Updated January 21, 2020 - 1:13 pm
WASHINGTON — President Donald Trump and Chinese Vice Premier Liu He signed phase one of a landmark trade deal between the United States and People’s Republic of China on Wednesday, making good on a key 2016 Trump campaign pledge.
“In June of 2016, in the great state of Pennsylvania, I promised that I would use every lawful presidential power to protect Americans from unfair trade and unfair trade practices,” Trump said. “Unlike those who came before me, I kept my promise. They didn’t promise too hard, but they didn’t do anything. And I actually think I more than kept my promise.”
China has agreed to boost its purchase of U.S. goods by $200 billion over two years, including buying an additional $32 billion of U.S. agriculture products.
The agreement includes a strong dispute resolution process designed to eliminate unfair trade practices. It also includes provisions to deal with intellectual property theft, with possible criminal penalties for violators.
Phase one also includes language to prevent forced technology transfer as a condition for doing business in China and the sale of counterfeit goods, as well as to restrict currency manipulation and resolve patent disputes.
According to a senior administration official, the White House agreed to reduce tariffs imposed Sept. 1 from 15 percent to 7.5 percent starting in 30 days.
At the same time, the senior administration official noted, China has not “made any specific commitment to adjust its tariffs or reduce its tariffs or eliminate its tariffs,” although Beijing agreed to “enforceable commitments to increase its purchases” in certain sectors.
Trump hailed the agreement as a boon for global relations outside of China and the United States, as well as a boost for the U.S. economy.
To his supporters, the deal affirmed Trump’s decision to use tariffs to pressure China. Earlier in the day, chief economic adviser Larry Kudlow told reporters that the pact is proof that tariffs work as a negotiating tool. “Tough tariffs brought us to the negotiating table,” he said.
The Dow Jones Industrial Average closed above 29,000 points — a nice opening for Trump in an election year.
On the bad news for a campaign front, the ceremony occurred ahead of an expected House vote to send articles of impeachment to the Senate and after House Speaker Nancy Pelosi’s announcement of her choice of seven impeachment managers.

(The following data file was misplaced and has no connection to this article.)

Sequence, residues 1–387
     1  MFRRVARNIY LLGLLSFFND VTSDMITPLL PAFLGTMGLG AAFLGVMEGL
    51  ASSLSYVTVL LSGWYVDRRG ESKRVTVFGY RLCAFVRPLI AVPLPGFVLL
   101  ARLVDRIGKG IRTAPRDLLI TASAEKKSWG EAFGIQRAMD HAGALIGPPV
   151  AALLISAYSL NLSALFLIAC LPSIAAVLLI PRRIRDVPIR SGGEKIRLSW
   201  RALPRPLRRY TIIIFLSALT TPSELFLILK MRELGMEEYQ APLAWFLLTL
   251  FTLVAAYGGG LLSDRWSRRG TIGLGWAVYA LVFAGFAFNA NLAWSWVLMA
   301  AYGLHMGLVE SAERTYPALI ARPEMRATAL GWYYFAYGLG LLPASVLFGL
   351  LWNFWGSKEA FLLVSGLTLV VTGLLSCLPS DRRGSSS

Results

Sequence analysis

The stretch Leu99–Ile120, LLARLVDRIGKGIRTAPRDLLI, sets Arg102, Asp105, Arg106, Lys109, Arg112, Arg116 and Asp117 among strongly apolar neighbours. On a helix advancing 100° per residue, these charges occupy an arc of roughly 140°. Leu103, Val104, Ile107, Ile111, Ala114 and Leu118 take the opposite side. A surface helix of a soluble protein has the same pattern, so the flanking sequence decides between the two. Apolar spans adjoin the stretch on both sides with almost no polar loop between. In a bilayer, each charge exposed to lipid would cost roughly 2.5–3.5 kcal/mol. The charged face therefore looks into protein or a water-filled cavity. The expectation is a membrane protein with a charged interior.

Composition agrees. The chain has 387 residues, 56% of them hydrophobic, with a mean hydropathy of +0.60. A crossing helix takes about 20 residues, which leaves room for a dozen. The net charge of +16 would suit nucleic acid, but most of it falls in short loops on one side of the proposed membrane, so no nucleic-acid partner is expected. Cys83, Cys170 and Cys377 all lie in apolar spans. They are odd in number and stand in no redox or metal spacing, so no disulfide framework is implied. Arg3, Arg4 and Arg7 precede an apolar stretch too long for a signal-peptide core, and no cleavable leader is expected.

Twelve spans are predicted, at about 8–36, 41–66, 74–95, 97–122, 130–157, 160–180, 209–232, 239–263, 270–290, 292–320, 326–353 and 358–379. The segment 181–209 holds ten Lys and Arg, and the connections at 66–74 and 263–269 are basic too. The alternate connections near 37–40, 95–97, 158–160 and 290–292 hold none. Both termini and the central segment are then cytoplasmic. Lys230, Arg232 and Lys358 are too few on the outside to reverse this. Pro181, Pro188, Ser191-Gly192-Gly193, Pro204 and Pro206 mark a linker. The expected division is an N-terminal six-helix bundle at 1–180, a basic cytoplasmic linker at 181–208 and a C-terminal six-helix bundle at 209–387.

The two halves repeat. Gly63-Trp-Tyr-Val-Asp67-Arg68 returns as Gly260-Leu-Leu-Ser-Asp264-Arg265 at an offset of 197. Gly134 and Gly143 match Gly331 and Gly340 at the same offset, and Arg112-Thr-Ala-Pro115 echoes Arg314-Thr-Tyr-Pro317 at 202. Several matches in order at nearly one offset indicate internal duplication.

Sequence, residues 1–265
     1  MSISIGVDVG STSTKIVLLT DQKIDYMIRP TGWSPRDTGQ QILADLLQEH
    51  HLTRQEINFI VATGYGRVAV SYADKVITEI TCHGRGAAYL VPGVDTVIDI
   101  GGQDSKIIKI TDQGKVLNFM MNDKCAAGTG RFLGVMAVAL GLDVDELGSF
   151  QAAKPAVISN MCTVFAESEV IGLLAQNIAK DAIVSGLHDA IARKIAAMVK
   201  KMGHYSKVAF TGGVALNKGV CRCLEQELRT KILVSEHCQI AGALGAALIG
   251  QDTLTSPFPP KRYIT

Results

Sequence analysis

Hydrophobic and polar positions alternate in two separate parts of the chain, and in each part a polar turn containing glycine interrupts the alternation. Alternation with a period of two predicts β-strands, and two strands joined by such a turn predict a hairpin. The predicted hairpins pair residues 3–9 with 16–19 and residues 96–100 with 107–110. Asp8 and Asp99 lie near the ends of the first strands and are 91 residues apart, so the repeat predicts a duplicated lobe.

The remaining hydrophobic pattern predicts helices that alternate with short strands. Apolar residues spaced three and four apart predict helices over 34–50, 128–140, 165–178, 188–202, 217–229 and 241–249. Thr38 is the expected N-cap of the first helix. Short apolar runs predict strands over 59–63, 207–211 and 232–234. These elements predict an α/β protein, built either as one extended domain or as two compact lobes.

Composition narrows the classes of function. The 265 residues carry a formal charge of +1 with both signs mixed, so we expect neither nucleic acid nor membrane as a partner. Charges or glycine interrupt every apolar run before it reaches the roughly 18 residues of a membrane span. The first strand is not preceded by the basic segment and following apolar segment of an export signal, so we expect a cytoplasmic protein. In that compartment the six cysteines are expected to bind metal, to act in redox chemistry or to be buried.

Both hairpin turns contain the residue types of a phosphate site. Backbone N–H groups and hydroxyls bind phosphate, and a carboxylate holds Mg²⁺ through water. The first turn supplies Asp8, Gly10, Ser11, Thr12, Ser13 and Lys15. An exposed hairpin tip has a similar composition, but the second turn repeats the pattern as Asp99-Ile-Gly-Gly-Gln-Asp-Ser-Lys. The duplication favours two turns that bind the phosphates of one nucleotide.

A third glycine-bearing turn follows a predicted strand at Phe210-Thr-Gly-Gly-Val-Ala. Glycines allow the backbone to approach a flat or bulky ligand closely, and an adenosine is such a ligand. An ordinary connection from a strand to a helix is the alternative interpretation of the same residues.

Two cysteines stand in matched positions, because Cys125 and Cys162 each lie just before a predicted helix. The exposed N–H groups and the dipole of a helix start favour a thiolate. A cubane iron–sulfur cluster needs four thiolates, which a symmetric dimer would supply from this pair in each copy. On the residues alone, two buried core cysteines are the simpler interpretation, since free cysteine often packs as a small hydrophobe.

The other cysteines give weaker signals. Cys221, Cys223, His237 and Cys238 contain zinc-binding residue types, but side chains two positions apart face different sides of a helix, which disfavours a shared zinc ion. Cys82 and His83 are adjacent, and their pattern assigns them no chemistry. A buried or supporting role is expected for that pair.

At one point, Trump referred to the impeachment effort as a “hoax.”
Senate Minority Leader Chuck Schumer called the phase one agreement a “weak, feckless” deal.
Former Vice President Joe Biden panned the document before it was signed.
“China is the big winner of Trump’s ‘phase-one’ trade deal with Beijing. True to form, Trump is getting precious little in return for the significant pain and uncertainty he has imposed on our economy, farmers, and workers,” Biden said in a statement.
Farm Bureau head Zippy Duvall greeted the deal as “a great start to the new year, and an important step in giving America’s farmers and ranchers the ability to get back to business in the global market.”
U.S. Chamber CEO Thomas J. Donohue hailed the deal as providing “much needed certainty to American businesses as they begin the new year.”
“The Phase 1 agreement signals a rollback of the tit-for-tat tariff measures that have hurt American companies and consumers and includes important structural commitments from the Chinese,” Donohue added. “China’s commitments expand market access for American businesses in agriculture, manufacturing, and financial services; strengthen (intellectual property) protection and enforcement; and address unfair technology transfer practices.”
Ryan Young of the conservative Competitive Enterprise Institute said the pact “will diminish damage caused by any further tariffs, but it comes at a cost. American consumers and businesses will still pay tariffs on 40 percent of Chinese imports that were mostly tariff-free just a few years ago.”
Ahead of the signing, Trump made a series of rambling remarks as he recognized elected officials, dignitaries and business people gathered in the East Room and talked about his desire to visit China, as well as Mt. Rushmore to watch its July 4 fireworks, which he said he got approved despite wildfire worries.
For his part, Liu, the lead Chinese negotiator, noted that Chinese President Xi Jinping has said, “There are a thousand reasons to make China-U.S. relations succeed, and not a single one to let it fail.”
At one point before the agreement was reached, Trump had mused out loud that he would like to sign a pact alongside Xi in Iowa.
When the White House announced the deal on Dec. 13, Kudlow had anticipated a “ministerial signing” with U.S. Trade Representative Robert Lighthizer signing the measure with Liu.
Invited to speak by Trump, Lighthizer offered that the negotiations, the result of “two years of hard work,” were “tougher” than he had anticipated.
Looking at corporate titans in the room, Trump said upcoming Phase Two negotiations would open up China’s 1.5 billion people to all their companies.
Among the notables in the room were former Secretary of State Henry Kissinger, Fox Business Network host Lou Dobbs and the president’s largest political donors, Sheldon and Miriam Adelson, who got a shoutout from the president.
The Review-Journal is owned by the family of Las Vegas Sands Corp. Chairman and CEO Sheldon Adelson.
A previous version of this story misstated Senate Minority Leader Chuck Schumer’s title.